A word of warning though. As some advisers do not have extensive experience in dealing with ESG funds, they may not spot when they’ve been greenwashed. Thanks to my background in dealing with ESG funds, I can help ensure your money goes into bona fide funds.

2. Growth potential is reduced

According to a report by Morningstar from February 2022, in the five years up to the end of 2021, ESG funds had performed on a par with or better than conventional funds. Furthermore, the European Securities and Markets Authority (ESMA) revealed that in the 10-year period ending in 2020, ESG funds outperformed conventional investments and were also overall cheaper.

As you can see, assuming that ESG funds will always reduce your money’s growth potential may not be correct. Please remember, past performance is no guarantee of future performance, and ESG funds can go down as well as up. 

3. ESG funds won’t make a difference

An article by PensionsAge shows that investing in ESG funds could be an extremely effective way of helping the planet. It refers to analysis from Make My Money Matter (MMMM), Aviva and Route2 in 2021, which revealed that ESG funds could be 40 times more powerful in tackling climate change than switching to a renewable energy provider.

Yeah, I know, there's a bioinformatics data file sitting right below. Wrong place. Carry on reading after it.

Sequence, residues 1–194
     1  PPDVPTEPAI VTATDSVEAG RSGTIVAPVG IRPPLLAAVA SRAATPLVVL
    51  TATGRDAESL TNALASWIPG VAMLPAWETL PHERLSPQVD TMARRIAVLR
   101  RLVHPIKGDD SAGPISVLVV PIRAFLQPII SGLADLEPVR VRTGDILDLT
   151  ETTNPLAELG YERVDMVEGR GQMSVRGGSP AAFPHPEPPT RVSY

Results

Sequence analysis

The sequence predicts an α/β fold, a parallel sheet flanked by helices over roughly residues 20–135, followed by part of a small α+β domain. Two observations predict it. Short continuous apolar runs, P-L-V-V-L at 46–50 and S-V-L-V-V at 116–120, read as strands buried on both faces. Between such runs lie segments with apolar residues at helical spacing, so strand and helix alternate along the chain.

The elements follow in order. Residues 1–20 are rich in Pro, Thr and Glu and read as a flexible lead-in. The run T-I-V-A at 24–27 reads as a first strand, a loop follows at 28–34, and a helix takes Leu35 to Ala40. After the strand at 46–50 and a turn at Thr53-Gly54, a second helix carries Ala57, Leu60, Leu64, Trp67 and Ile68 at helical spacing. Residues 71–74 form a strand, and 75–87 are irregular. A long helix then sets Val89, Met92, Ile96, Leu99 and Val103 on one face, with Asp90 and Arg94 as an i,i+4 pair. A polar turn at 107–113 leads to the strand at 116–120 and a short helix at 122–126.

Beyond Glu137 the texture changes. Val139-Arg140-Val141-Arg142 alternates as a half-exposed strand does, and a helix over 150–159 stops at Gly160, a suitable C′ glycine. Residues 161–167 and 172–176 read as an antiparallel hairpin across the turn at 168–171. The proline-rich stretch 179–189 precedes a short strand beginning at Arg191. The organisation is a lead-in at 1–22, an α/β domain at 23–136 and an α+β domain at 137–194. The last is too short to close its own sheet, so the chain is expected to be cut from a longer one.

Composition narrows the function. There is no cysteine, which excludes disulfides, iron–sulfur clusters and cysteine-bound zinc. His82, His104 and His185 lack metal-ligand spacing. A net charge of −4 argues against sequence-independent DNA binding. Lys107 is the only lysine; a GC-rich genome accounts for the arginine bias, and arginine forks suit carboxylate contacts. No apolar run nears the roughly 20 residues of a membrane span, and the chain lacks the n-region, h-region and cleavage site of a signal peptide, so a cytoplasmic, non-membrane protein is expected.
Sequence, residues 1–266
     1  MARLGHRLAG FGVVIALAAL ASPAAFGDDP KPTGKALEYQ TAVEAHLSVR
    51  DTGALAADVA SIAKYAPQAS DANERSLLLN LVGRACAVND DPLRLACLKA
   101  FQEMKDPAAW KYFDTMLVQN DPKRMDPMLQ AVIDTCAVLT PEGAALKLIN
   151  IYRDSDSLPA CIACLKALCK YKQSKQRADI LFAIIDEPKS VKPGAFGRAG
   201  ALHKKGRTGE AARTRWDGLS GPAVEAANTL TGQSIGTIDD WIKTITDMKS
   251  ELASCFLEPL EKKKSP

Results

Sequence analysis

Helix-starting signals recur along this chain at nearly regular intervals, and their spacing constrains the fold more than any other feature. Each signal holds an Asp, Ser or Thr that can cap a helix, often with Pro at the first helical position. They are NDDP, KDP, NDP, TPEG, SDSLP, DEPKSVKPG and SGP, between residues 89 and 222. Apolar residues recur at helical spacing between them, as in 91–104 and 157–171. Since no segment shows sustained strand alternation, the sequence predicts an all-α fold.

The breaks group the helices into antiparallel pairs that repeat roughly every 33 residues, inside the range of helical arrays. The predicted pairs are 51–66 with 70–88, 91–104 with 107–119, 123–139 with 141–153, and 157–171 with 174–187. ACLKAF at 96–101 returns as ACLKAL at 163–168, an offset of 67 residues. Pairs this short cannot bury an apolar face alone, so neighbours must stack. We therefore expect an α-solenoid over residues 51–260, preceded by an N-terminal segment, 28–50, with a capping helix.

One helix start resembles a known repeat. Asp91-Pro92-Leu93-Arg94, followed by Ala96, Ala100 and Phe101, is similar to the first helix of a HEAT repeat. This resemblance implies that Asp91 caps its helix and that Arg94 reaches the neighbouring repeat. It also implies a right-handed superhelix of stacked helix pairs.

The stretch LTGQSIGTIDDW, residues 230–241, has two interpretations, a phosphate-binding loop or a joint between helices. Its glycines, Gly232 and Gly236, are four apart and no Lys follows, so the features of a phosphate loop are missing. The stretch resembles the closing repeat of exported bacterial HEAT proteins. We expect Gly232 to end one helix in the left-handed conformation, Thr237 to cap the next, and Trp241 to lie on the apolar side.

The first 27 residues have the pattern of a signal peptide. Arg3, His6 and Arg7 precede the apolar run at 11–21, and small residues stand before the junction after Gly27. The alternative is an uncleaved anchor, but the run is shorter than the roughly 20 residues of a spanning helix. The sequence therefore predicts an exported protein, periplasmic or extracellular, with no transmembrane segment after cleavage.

Furthermore, it could be 20 times more effective than driving an electric car and 21 times more powerful than stopping flying.

4. It’s a fad that will pass

As the YouGov survey highlighted at the beginning of this blog shows, there is a growing awareness of humanity’s impact on the planet. With increasingly severe weather here in the UK – such as 2022’s heatwave that led to the highest temperature ever recorded and wildfires across the nation – concerns about climate change are unlikely to go away anytime soon.

As a result, interest in ESG funds may not end any time soon either. This dovetails into a report from the Nasdaq, which reveals research suggests demand remains strong for ESG funds in 2022. 

Furthermore, it added that 80% of investors could be planning to increase exposure to them during the next two years.

Get in touch

If you are wondering: “could ESG funds be for me?”, please email me on a.douglass@grosvenorconsultancy.co.uk or telephone 01793 766 123, and I’ll be happy to help. Alternatively, call my mobile on 07525 177 046. 

Please note that while I offer high standards of service and ensure any solution I recommend is right for you, I’m also a busy mum, so work Mondays and Tuesdays only.

Please note

This article is for information only. Please do not act based on anything you might read in this article. All contents are based on our understanding of HMRC legislation, which is subject to change.

The value of your investments (and any income from them) can go down as well as up and you may not get back the full amount you invested. Past performance is not a reliable indicator of future performance. Investments should be considered over the longer term and should fit in with your overall attitude to risk and financial circumstances.